The low-orbital satellite OCIETS with LUCE terminl of Japanese Space Agency was launched in August 2005 by Ukrainian rocket " Dnipro ".

ESA and NASA plan the experiments of laser communication from Moon and Mars orbits.

SMART-1 satellite near the Moon.

Our preparation to optical communicational experiments with geostationary satellite

MAO performs the preparation to test experiments with ARTEMIS satellite using two telescopes: 0.7 m ordinary astronomical telescope and 1m Laser Ranging Station (LRS). The purpose of the experiments with ground stations is to compare differences in atmosphere propagation of laser beams between Atlantic and continental regions, investigate the amplitudes, phases of optical pulsed signals in different atmosphere conditions, perform wave front measurements, scattering on aerosols and small clouds, investigate fluorescence in upper atmosphere.

AZT-2, 0.7 m reflector astronomical telescope.

CW laser module

CW laser test experiments

A scattering of laser beam on aerosols [watch the movie]




Realisation of laser communication experiments with ARTEMIS satellite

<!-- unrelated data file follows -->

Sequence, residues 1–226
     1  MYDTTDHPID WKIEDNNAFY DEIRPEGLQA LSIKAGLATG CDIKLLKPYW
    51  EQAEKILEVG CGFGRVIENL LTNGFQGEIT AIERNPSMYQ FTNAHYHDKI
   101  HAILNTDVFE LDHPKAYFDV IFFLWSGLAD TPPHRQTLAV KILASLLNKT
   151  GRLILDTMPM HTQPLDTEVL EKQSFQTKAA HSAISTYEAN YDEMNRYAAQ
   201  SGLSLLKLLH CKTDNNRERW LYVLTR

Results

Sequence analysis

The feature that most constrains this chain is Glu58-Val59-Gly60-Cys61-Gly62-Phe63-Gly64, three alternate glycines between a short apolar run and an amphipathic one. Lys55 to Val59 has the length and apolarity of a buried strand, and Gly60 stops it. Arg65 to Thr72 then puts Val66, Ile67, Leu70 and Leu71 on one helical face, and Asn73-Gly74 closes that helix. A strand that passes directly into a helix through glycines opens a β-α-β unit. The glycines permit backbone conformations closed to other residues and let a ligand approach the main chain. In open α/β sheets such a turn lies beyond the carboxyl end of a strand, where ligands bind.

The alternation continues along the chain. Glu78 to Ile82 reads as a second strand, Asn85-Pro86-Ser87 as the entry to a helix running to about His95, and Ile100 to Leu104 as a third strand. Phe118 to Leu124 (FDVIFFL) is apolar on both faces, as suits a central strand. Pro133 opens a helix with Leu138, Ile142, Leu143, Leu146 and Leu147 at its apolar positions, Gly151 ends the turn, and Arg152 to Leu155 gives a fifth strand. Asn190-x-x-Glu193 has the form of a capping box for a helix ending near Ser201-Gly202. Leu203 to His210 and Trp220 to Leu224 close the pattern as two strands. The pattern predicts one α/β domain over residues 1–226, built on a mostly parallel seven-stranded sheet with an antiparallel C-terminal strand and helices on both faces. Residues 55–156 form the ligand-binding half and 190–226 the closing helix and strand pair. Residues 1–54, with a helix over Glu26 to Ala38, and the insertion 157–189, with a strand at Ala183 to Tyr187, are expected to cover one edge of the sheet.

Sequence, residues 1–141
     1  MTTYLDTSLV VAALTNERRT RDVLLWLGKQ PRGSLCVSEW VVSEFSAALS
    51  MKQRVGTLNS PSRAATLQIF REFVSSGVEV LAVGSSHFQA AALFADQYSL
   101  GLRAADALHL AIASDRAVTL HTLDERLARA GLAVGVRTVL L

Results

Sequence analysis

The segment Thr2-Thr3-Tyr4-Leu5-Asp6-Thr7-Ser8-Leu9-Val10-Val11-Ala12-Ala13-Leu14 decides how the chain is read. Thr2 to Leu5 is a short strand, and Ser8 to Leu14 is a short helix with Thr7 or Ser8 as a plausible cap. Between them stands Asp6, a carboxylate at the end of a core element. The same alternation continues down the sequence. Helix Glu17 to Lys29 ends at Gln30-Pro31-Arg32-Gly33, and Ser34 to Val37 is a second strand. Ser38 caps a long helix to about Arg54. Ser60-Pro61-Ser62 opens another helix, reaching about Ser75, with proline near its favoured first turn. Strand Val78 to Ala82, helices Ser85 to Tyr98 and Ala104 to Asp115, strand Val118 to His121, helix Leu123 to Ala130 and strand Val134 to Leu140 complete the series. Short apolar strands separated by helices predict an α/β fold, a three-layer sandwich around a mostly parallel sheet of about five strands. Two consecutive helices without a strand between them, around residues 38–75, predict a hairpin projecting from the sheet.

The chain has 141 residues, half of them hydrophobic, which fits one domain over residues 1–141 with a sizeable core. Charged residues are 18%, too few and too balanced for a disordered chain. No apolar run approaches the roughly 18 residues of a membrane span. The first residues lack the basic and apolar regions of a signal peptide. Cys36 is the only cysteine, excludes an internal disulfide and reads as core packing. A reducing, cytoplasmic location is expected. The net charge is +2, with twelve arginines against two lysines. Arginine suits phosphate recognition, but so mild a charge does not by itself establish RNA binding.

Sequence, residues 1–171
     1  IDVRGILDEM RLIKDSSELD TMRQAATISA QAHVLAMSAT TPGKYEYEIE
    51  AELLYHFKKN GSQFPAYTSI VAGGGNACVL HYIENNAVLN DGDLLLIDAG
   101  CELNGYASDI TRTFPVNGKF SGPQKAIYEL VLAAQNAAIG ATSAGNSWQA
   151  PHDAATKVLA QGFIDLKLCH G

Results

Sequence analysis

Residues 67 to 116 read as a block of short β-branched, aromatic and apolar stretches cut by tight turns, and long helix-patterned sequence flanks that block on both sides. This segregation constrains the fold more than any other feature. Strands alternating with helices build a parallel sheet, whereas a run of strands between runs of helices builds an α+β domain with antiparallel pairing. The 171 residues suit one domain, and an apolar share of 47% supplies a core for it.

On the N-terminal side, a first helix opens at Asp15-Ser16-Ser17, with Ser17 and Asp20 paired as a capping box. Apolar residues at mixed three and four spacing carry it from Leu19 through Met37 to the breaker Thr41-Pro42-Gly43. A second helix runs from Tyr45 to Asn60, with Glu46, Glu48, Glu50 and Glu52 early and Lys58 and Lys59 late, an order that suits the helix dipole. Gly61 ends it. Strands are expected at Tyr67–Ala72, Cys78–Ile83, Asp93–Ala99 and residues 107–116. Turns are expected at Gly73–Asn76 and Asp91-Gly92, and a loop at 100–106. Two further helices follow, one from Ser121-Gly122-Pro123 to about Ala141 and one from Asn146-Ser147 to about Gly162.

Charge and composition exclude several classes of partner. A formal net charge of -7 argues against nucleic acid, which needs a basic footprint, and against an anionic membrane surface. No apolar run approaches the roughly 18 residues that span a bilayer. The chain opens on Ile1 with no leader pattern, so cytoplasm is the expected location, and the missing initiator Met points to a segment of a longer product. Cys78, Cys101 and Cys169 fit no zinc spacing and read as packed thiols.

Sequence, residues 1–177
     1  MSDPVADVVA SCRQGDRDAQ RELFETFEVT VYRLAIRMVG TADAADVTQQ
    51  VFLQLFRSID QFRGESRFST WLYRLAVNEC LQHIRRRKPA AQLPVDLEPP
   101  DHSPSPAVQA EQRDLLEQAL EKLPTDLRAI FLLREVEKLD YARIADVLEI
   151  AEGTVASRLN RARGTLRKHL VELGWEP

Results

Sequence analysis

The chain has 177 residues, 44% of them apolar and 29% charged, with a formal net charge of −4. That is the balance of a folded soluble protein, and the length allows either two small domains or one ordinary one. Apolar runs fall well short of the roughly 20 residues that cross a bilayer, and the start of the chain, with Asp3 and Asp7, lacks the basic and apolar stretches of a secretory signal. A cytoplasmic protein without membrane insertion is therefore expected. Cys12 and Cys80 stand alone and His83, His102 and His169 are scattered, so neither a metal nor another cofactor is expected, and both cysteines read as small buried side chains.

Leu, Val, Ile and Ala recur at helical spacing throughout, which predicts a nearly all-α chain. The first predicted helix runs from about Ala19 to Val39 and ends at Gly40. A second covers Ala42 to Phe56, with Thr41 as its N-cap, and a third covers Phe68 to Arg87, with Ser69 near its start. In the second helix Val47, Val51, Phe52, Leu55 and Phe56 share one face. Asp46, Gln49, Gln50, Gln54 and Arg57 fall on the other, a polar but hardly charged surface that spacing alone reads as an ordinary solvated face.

Realisation of laser communication experiments is performed under the ESA contract "Assessment of Space to Ground Optical Link by Space Diversity". Equipment for laser communication experiments was developed for Cassegrain focus of AZT-2 telescope.

Telecommunication satellite ARTEMIS was launched on 12 July 2001. It was at the geostationary orbit point (21E) at the end of January 2003. Due to a multyfuntions in Ariane 5 upper stage ARTEMIS has inclination of the orbit (Now > +/- 7 deg). Spacial correction system of moving of the telescope was developted.

Block of correction of moving of AZT-2 telescope for tracking of the satellite

The tracking system works in micro-step regime with a computer step of correction = 0.003 arcsec per second of time and a maximum speed of correction up to 4.6 arcsec per second of time. The step regulation is possible directly from block of correction situated near the telescope. Also it is possible to correct the moving of the telescope using the computer RS-485 interface in remote mode.

The pointing on the satellite is performed by CMOS camera (2000x3000 pix) with wide field of view. Another cooled small CCD camera (582x752 pix) with narrow field of view is used for tracking purposes.